The date of implementation of new rules relating to the tax treatment of contributions to retirement funds, which were expected to take effect on 1 March 2015, was postponed until 1 March 2016, in terms of the Taxation Laws Amendment Act of 2014.
Among other changes, the new rules will affect the employees' tax implications of employer contributions to retirement funds, and the deductibility for income tax purposes by the member of such contributions, thus affecting both participating employers and members. In addition, depending on the nature of the benefits available to members, the retirement fund may be obliged to provide information to the participating employer in respect of contributions for specific categories of fund members. The implications of some of these changes are highlighted below.
The current position is that contributions to a pension fund or a provident fund, which an employer is required to make in terms of the rules of the applicable fund in respect of its employees, do not constitute a taxable benefit under the Seventh Schedule to the Income Tax Act. However, any contribution by an employer to the retirement annuity fund of an employee does constitute a taxable benefit in the employee's hands in terms of the Seventh Schedule to the Income Tax Act.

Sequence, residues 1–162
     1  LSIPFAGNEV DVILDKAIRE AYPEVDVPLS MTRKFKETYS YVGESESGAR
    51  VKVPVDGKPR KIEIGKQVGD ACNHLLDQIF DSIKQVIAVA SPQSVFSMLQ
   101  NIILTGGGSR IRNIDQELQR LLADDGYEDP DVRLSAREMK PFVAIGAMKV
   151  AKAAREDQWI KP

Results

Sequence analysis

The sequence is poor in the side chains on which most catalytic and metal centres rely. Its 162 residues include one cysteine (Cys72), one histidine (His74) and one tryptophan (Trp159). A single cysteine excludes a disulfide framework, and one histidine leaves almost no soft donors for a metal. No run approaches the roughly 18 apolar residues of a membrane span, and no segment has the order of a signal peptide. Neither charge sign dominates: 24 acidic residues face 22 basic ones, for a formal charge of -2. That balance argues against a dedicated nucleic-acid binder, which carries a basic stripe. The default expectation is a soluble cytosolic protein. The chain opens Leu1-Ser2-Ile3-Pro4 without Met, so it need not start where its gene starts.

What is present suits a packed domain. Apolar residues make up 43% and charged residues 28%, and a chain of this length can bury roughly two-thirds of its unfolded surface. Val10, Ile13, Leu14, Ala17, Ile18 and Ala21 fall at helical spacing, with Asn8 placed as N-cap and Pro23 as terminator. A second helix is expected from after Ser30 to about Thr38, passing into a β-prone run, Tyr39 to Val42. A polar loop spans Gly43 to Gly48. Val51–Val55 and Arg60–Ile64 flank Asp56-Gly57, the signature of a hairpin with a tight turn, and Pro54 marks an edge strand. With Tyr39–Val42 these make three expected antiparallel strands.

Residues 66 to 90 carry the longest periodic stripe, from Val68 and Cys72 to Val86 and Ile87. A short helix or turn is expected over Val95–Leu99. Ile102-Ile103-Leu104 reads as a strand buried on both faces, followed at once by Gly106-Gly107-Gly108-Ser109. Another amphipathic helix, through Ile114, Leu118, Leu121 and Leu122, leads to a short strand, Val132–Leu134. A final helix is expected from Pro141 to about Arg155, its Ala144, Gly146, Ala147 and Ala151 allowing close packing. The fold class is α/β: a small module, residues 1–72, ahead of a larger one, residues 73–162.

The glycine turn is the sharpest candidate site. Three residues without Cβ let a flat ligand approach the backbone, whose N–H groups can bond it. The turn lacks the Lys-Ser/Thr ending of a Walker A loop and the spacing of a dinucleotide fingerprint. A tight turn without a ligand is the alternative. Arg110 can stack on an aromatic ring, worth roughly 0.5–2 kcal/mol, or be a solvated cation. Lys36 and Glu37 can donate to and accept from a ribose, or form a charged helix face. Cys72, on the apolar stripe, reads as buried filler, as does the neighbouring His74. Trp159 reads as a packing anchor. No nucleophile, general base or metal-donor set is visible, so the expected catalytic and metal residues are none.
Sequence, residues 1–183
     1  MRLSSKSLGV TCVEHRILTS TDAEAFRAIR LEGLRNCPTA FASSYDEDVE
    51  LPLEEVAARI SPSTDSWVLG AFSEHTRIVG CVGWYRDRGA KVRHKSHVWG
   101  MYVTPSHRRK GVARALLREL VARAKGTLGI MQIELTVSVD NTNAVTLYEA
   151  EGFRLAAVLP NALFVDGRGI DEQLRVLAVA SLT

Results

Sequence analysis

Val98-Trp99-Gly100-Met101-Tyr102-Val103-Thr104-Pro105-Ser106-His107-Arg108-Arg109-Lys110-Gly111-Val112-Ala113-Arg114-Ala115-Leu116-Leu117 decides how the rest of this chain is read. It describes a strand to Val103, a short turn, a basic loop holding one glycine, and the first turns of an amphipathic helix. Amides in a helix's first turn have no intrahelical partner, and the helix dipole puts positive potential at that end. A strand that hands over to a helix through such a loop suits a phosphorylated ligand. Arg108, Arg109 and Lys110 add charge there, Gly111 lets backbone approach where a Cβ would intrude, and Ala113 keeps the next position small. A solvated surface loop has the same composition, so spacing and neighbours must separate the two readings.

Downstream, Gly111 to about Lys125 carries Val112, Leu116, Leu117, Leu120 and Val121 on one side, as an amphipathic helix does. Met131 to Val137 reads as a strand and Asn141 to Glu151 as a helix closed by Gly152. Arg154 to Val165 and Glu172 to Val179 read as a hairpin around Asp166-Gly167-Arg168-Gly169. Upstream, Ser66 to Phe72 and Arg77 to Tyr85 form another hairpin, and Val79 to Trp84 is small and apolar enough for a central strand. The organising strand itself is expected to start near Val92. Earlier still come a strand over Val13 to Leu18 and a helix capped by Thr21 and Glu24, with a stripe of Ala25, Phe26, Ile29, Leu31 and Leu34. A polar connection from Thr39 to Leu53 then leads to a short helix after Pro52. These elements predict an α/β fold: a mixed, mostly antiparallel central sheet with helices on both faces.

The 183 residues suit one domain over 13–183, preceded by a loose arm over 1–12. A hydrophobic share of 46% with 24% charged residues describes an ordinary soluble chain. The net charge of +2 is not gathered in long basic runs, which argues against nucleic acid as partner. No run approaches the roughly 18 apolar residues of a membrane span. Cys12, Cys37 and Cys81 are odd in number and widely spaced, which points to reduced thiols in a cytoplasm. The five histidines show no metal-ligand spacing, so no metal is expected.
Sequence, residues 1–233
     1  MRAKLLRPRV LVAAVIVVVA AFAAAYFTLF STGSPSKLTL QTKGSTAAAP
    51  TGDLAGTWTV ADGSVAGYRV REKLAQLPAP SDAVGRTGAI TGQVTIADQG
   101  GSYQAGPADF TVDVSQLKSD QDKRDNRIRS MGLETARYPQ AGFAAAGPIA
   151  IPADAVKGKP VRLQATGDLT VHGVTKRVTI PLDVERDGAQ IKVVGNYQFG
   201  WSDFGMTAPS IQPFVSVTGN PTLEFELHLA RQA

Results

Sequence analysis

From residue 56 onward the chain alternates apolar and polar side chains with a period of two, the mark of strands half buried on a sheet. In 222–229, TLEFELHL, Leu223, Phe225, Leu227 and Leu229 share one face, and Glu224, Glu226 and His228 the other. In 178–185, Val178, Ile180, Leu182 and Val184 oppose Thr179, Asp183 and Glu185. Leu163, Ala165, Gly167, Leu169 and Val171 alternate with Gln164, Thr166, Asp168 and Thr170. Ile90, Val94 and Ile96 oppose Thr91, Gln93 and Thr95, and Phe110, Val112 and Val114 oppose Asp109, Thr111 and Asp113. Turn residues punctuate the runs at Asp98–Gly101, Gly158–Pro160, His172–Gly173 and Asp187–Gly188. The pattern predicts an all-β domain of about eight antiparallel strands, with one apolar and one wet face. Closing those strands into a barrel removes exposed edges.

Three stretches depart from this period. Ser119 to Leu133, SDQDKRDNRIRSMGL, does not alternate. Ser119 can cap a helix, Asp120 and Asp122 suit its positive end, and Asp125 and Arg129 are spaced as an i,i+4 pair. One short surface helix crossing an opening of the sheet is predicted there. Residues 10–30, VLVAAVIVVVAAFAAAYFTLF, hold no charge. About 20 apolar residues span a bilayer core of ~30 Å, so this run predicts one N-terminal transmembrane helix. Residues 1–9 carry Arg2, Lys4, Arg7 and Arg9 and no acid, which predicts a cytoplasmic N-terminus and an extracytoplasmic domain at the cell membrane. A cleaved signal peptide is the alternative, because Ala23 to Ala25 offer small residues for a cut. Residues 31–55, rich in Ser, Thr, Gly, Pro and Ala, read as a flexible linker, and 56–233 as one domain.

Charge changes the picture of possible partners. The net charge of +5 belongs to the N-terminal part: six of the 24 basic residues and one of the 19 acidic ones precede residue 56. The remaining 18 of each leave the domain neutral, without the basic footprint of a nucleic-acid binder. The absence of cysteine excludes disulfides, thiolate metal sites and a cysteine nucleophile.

Proposed new rules
Under the proposed new rules, employer contributions to any retirement fund will be taxable in the hands of the employee for whose benefit they were made. Thus, with effect from 1 March 2016, any contribution by an employer for the benefit of any employee to any pension fund, provident fund or retirement annuity fund will constitute a taxable benefit under the Seventh Schedule to the Income Tax Act.
The proposed new rules also set out new valuation rules which provide for the calculation of the taxable value of contributions made by employers to retirement funds for purposes of determining the taxable fringe benefit amount to be included in the employee's remuneration. In terms of the proposed new valuation rules, as they currently read, the value of the taxable benefit arising in respect of contributions made by an employer to a retirement fund must be determined based on the "fund member category" (as defined), and the nature of the retirement benefits to which each category of fund members is entitled. The retirement benefits are classified into a defined benefit component, a defined contribution component, an underpin component and risk benefits.
In this regard, where the benefits payable to members in respect of a fund member category of a pension, or a provident or retirement annuity fund consist solely of defined contribution components (as defined), the value of the taxable benefit will be the value of the amount contributed by the employer for the benefit of the employee who is a member of that fund.
However, where the benefits payable to members in respect of a fund member category of a pension, or a provident or retirement annuity fund consist of components other than only defined contribution components, the value of the taxable benefit must be determined based on a formula. In this case, the pension fund is required to calculate the "fund member category factor", as specified in the regulations to be issued by the Minister of Finance, and provide a contribution certificate to the employer of the employees who are members of the fund. Draft regulations were issued on 16 October 2014 regarding the determination of the fund member category factor and the information to be contained in these contribution certificates.